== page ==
How Nonprofits Can Use Virtual Fundraising During the Coronavirus Crisis

Like all business operations, the COVID-19 pandemic is changing how nonprofit organizations execute their fundraising activities. No one knows how long the crisis will last, and these organizations can’t afford to take a break from fundraising. Staying connected to donors is critical to nonprofits and their ability to achieve their mission.

The need for social distancing has curtailed normal in-person fundraising events such as fun runs, walks, bike rides, dinners and galas. Many nonprofits have switched to virtual activities to keep donors engaged and to encourage giving.

Virtual Fundraising Events

Some of the ways nonprofits are adapting include:

  • Peer-to-peer events: Donors challenge friends to participate in living room fitness challenges, solo runs in their neighborhood or backyard athletics to raise funds. Mobile apps can track progress and participation. Nonprofits can create giving brackets and track donor teams to add to the competitive spirit.
  • Online workshops and classes: Zoom and FaceTime cooking classes with local chefs are a popular way to entice donors to give and support local restauranteurs. Arts organizations are offering online classes that enable artists to share their skills and engage donors in activities related to their interests.
  • Challenge events: Popular challenges (think back to the Ice Bucket Challenge) have effectively engaged social media. These events can still go on virtually in the privacy of donors’ homes. Participants can post videos on a nonprofit’s website and YouTube to spur participation and gather donations.
  • Lectures: Museums and arts centers are broadcasting TED-type virtual programs for major donors with experts on art, science, technology and culture. These events cover timely topics and research and link back to the nonprofit’s mission and collections.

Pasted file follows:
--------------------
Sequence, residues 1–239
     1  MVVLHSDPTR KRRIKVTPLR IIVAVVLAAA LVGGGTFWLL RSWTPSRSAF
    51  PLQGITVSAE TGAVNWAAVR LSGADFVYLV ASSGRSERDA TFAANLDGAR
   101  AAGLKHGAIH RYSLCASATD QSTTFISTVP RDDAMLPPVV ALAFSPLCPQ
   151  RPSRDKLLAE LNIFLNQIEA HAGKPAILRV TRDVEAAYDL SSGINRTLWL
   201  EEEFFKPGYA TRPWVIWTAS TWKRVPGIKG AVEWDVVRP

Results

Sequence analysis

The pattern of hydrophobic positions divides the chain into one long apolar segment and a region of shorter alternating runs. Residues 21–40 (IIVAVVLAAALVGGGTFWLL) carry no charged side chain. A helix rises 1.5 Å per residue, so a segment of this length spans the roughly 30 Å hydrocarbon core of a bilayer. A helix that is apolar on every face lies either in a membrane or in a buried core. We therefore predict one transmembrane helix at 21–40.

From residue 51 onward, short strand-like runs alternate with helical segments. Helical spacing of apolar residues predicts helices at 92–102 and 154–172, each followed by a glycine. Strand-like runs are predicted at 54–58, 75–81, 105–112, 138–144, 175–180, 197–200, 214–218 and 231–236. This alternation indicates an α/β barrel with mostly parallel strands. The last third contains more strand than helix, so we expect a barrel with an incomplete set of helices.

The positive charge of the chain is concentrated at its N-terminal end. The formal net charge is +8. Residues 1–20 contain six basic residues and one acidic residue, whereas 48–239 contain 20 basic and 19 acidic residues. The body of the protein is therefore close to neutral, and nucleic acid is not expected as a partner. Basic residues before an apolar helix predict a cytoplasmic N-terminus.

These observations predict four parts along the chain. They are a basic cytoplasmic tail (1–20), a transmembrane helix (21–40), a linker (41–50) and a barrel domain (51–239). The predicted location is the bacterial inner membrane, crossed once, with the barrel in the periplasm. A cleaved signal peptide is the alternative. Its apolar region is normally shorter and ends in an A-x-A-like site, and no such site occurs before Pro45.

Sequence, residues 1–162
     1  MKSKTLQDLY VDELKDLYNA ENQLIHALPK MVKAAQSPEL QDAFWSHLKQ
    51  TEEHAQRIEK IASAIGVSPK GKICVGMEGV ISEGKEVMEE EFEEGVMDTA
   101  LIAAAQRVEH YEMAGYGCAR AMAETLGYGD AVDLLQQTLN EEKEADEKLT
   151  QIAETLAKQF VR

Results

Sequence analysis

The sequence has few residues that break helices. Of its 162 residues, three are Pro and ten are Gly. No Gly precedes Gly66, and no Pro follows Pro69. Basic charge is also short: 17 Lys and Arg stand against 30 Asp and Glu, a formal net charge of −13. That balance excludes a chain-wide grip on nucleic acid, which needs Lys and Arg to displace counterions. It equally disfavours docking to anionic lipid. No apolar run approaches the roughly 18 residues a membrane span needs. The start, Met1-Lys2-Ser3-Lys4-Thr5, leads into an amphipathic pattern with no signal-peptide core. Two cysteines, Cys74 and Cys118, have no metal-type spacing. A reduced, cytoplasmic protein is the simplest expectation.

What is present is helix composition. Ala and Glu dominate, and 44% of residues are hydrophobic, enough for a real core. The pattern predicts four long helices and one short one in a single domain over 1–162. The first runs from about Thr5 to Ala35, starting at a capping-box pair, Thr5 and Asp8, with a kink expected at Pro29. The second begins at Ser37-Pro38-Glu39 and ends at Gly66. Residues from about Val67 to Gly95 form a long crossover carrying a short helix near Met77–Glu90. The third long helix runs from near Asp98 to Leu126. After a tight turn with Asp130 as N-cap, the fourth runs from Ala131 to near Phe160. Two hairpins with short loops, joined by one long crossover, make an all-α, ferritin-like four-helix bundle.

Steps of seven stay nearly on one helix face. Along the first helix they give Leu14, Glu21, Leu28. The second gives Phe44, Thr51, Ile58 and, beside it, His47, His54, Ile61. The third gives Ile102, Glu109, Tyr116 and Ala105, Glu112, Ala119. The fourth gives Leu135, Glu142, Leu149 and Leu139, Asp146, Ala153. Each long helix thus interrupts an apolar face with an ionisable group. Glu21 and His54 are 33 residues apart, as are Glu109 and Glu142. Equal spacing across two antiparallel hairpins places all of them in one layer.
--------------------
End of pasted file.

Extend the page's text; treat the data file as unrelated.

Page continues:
• Social hours: Nonprofits can bring donors together for online cocktail hours using shared drink recipes and virtual luncheons with menu suggestions. They can then use these events to feature news about programs and services.
  • Documentary films and commentary: Nonprofits often have favorite films that are central to their mission. Organizations can schedule a time for donors to watch the movie online and to discuss it in a chatroom. The nonprofit’s executives can serve as commentators and answer questions.
  • Video chats with major donors: Corporate and major individual donors appreciate receiving personal updates on from nonprofits about their operations during the coronavirus crisis. Organizations should use this time to highlight changing needs and reinforce their mission.

Best Practices for Virtual Events

When deciding to undertake a virtual fundraising event, nonprofits should consider the following:

  • If converting a traditional event to virtual, step back and assess its purpose, impact and financial contribution. Focus on those events that yield the greatest revenue and brainstorm with staff on how they can be adapted.
  • Evaluate how planning, timing and commitments can be adapted. Consider how staffing needs may change by switching to a virtual format.
  • Use technology and social media to facilitate connections in new ways. Include a chat function, add a video link or schedule a Zoom call to ease access and participation.
  • Communicate to donors and constituents how the event is changing to address current social distancing restrictions. Reinforce the message that nonprofit needs persist during the crisis.
  • Consider renaming the event to acknowledge the new virtual approach.
  • Gather corporate sponsorships, just as one would have done in the past. Keep traditional donors informed and engaged.
  • Rethink invitation lists. Organizations may decide to expand their lists to everyone on their email list or narrow it to only big donors for an exclusive and intimate virtual gathering.

Learn More

For more information on nonprofit fundraising strategies, please contact Alana Mueller by calling 770.396.2200.